Healthy calves are the result of good planning. Working with your veterinarian, you can develop a vaccination and health management plan based on the age of your animals, location and best management practices (BMPs). Your health plan should also stress preventive management through sanitation, observation, preparation and vaccination of the cow herd. Vaccination can help prevent diseases in animals and reduce illness. 

To be effective, vaccines need to be properly handled using effective sanitation protocols. Here are some sanitation tips from the Dairy Animal Care & Quality Assurance (DACQA) handbook.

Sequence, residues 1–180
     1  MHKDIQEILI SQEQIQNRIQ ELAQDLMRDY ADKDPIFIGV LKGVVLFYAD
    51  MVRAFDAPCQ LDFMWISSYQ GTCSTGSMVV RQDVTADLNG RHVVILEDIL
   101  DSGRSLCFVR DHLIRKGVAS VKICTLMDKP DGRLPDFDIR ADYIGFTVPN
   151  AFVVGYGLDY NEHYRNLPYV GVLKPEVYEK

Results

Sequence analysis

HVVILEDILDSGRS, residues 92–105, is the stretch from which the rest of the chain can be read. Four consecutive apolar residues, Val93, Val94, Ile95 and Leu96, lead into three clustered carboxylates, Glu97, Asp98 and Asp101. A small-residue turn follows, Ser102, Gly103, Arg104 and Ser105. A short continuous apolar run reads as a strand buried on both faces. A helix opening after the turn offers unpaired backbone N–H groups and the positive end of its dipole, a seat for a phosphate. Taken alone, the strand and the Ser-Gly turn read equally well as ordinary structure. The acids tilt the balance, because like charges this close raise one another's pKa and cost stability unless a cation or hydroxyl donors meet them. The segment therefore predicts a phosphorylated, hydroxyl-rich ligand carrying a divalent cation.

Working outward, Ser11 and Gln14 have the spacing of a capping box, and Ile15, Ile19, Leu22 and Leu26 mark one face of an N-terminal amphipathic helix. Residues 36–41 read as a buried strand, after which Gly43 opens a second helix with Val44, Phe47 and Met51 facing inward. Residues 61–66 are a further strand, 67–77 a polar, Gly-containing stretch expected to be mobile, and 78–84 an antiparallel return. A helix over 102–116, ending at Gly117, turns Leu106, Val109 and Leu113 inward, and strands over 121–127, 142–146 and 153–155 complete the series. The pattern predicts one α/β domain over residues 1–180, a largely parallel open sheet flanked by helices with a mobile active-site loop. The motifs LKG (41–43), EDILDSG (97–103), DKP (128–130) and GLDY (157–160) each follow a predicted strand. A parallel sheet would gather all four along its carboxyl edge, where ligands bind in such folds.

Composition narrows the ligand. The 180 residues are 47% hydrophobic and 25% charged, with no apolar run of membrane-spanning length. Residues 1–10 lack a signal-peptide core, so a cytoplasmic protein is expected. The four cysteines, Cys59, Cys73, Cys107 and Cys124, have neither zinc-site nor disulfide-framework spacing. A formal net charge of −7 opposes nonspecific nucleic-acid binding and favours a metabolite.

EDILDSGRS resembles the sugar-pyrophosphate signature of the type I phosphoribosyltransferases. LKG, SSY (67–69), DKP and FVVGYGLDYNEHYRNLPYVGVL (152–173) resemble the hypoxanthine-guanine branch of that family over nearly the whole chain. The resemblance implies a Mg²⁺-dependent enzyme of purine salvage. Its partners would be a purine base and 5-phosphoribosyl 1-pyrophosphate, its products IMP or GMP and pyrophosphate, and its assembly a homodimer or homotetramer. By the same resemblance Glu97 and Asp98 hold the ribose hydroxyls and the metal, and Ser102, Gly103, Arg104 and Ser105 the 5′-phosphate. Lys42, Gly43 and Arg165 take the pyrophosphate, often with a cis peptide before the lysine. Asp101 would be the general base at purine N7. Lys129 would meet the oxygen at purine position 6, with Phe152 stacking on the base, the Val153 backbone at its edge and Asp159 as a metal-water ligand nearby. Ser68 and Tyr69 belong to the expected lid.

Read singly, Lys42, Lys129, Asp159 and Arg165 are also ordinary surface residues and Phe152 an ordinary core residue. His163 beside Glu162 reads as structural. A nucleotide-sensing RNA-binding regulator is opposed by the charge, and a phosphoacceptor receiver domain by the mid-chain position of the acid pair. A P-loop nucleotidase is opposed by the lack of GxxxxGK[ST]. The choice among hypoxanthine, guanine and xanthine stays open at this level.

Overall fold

• Keep the contents of the bottle sterile.
  • Clean transfer needles regularly to avoid contamination.
  • Do not go back into the vaccine bottle with a needle once it has been used for anything else.
  • When vaccinating groups, change needles frequently (every 10 head).
  • When using killed vaccines, keep a saucer or sponge of alcohol or disinfectant nearby, and wipe off the needle after each use. However, do not disinfect needles between injections when using a modified live vaccine, as the disinfectant can destroy the vaccine.
  • Make sure the injection site is clean. Injecting into a wet or muddy site increases the risk for spreading disease and increases the incidence of injection-site lesions.

Be sure to follow Beef Quality Assurance guidelines for proper handling and administration of all vaccines and animal products. To learn more, visit or DCHA's Gold Standards III.

Tip provided by The Beef Checkoff.

Source: Dairy Calf & Heifer Association